Northern Hemisphere gazer's guide
All month: Our evening sky is beginning to look good this month, not with the splendor of last summer, when Mars, Saturn, and Jupiter were ''playing tag'' with Spica, but still pretty good. Saturn formally joins the cast of evening stars on the 21st, and Jupiter will enter in late May. But both are now up virtually all night, Saturn from dusk till dawn, Jupiter about 21/2 hours behind it (to its east or left). Both are in the east at night, the west at dawn. And now Venus is becoming more noticeable in the west during twilight and later. Three things enhance its visibility this season: its northerly position in the sky, its increasing separation to the left of the sun, and its increasing brilliancy.
Mercury and Mars are also evening objects; Mars is much too close to the sun now. Mercury is probably at its best this year as an evening star, though that is by no means spectacular! Most favorable conditions will be from April 15 to April 23, when the planet's brightness and its elongation (angular distance) from the sun are best. Look in the evening twilight, low in the sky, to the right (north) of where the sun went down.
April 1-2: Moonrise tonight is about 10:30 p.m. The waning gibbous moon, three days past full, comes up in Scorpius shortly before Jupiter. Both moon and planet climb the eastern sky past midnight, the moon more slowly so that the distance between the two closes noticeably. At about 8 a.m. Eastern standard time (EST), the moon slides in front of Jupiter, covering it (an occultation) in the sky over North and Central America and part of South America. In the Eastern United States and Canada the event, likened to a total eclipse of Jupiter by the moon, occurs in daylight; it occurs in twilight in Western areas.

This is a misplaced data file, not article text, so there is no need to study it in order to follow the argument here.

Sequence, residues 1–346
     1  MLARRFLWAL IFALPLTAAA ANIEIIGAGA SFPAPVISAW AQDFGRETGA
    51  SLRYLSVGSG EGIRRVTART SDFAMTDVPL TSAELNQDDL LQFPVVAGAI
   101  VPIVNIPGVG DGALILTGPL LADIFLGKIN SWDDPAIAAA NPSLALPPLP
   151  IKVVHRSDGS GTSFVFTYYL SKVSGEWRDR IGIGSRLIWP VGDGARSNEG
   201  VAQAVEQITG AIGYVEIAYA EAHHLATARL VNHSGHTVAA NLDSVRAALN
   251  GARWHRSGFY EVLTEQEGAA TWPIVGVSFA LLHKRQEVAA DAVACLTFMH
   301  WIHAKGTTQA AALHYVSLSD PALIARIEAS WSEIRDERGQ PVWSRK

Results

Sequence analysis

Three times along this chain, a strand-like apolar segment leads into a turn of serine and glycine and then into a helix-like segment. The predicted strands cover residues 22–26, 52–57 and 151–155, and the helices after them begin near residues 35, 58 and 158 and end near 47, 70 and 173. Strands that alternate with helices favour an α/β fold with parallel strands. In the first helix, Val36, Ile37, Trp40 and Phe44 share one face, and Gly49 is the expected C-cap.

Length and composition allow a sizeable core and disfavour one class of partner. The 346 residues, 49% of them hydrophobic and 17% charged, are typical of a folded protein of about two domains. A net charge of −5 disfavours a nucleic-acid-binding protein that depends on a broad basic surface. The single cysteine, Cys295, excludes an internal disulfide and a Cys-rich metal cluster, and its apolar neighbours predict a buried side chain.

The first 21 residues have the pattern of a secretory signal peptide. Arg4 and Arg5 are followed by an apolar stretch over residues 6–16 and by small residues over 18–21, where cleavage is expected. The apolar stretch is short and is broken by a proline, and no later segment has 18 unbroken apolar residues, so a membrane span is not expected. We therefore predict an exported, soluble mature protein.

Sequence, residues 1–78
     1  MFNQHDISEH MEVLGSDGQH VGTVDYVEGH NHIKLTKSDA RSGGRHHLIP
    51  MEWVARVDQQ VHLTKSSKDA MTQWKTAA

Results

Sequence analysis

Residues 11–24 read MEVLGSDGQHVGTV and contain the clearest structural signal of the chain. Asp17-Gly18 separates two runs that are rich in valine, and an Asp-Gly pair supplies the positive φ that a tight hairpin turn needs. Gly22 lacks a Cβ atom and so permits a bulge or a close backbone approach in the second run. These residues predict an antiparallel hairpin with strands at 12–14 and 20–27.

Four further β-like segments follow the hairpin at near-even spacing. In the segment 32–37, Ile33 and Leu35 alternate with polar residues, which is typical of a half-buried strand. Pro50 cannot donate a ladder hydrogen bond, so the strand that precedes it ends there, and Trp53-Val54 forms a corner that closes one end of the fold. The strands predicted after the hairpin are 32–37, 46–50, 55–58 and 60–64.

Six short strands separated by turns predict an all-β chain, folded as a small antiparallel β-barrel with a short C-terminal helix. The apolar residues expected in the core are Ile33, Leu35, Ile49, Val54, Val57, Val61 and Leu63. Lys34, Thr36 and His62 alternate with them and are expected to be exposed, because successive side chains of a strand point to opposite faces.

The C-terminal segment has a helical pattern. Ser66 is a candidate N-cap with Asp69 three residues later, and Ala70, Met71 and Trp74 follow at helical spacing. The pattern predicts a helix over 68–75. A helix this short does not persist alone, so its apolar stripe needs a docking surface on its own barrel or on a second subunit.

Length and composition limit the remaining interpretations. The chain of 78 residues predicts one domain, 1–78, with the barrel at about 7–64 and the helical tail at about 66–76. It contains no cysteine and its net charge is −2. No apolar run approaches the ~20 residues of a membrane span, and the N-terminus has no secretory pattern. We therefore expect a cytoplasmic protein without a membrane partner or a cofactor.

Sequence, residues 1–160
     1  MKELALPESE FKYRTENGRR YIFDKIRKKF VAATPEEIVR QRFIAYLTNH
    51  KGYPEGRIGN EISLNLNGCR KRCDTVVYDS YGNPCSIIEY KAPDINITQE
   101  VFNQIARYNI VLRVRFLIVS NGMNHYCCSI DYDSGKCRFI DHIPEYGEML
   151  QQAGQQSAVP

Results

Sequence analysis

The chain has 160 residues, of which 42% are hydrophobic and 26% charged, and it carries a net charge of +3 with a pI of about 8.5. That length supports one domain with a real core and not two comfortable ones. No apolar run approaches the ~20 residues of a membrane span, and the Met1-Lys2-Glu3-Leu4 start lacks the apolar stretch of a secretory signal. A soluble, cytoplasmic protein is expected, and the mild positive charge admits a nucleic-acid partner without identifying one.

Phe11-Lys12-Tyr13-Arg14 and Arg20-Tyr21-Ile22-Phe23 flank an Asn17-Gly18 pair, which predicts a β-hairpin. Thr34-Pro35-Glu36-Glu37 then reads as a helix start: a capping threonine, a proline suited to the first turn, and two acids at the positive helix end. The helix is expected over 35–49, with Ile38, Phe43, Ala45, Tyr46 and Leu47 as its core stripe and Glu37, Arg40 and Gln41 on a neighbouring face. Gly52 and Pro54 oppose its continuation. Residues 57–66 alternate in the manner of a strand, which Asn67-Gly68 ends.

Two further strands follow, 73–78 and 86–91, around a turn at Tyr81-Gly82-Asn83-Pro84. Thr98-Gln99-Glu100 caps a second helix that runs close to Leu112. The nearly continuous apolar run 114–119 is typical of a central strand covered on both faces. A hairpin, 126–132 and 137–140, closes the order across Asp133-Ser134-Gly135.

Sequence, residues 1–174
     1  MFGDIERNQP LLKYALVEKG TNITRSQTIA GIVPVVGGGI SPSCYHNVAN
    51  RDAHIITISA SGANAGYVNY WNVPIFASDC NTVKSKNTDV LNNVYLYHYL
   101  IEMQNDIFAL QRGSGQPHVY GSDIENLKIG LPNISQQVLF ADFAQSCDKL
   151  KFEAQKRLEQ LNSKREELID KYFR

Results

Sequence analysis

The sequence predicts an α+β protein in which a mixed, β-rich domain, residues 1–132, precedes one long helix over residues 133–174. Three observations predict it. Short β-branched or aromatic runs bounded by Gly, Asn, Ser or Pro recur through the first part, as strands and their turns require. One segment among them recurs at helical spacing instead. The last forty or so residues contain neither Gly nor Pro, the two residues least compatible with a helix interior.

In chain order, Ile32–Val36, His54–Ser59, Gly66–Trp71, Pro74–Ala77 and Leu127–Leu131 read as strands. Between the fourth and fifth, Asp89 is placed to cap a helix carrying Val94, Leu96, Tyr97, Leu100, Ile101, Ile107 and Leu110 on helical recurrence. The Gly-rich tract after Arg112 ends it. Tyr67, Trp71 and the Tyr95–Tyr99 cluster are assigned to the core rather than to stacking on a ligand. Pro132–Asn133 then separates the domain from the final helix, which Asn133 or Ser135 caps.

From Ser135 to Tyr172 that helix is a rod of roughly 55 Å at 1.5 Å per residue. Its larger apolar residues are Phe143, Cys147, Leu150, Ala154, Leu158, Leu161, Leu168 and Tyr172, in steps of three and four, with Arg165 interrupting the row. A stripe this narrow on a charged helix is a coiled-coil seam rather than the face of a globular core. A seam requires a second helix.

April 4: The morning moon is in Sagittarius, above the Teapot.
April 5: Last-quarter moon is east of the Teapot this morning.
April 6: The moon is at apogee, farthest from Earth, in Capricornus in the morning sky.
April 9: Mercury and Mars are in conjunction, both evening stars poorly placed for viewing, dim and setting soon after the sun.
April 11: You may still be able to see the slender waning crescent moon early this morning, near the southern border of Pisces with Cetus. The vernal equinox is above it and a bit to the west.
April 13: New moon, close to the junction between the constellations Pisces, Cetus and Aries.
April 14: Mercury is in conjunction with the moon only a day or so after new moon, too close to the setting sun to be seen.
April 15-16: You will see the new crescent moon in the west, during twilight as early as the 15th, surely on the 16th, depending on the weather. It is in Taurus, nearly in conjunction with the Pleiades (the closely gathered cluster of stars known as the Seven Sisters) on the night of the 15th, above Aldebaran (the bright-reddish star of Taurus's left eye) on the 16th. Venus is above the moon on the night of the 15th, to its right (west) on the 16th. It should be possible to see the bright planet on the evenings of both dates, low in the west southwest, but it sets only about 21/2 hours after the sun.
April 20: First-quarter moon, in Cancer, occurs this morning.
April 21: The perigee moon (nearest Earth) is near the border between Cancer and Leo. Mercury is at greatest easterly elongation today (greatest distance to the sun's left). In this position it remains above the horizon after sundown, best located for viewing as an evening star. Look for it low in the west during late twilight for about three or four days before and after today. Saturn is at opposition with the sun, above the horizon from sundown till sunrise. It is now an evening star in Virgo to the left (east) of its brightest star, Spica.
April 23-24: Communities that change to daylight-saving time lose that hour of sleep tonight as they advance their clocks one hour.
April 26-27: Saturn rises near sundown on the 26th, just below the nearly full moon, in Virgo, then moves up the eastern sky with the moon. About 2 p.m. EST, the moon passed above the planet and then drifted slowly to its left (east). You can easily see it separating slowly from Saturn on the night of the 26th. Toward morning, the moon becomes full after it moves into Libra.
April 28-29: The moon is in conjunction with Jupiter at about 2 p.m. EST on April 29, the second conjunction of the two this month. And as on the earlier occasion (April 2), the moon occults Jupiter, covering it in the sky over Asia and the western Pacific. On the evening of the 28th, the moon is moving from Libra into Scorpius, to the right (west) of Jupiter. On the 29th, the moon is in Ophiucus, to the left (east) of Jupiter and closer to the planet.
April 30: Just three days after full, the waning gibbous moon enters Sagittarius again, above and to the right of the Teapot.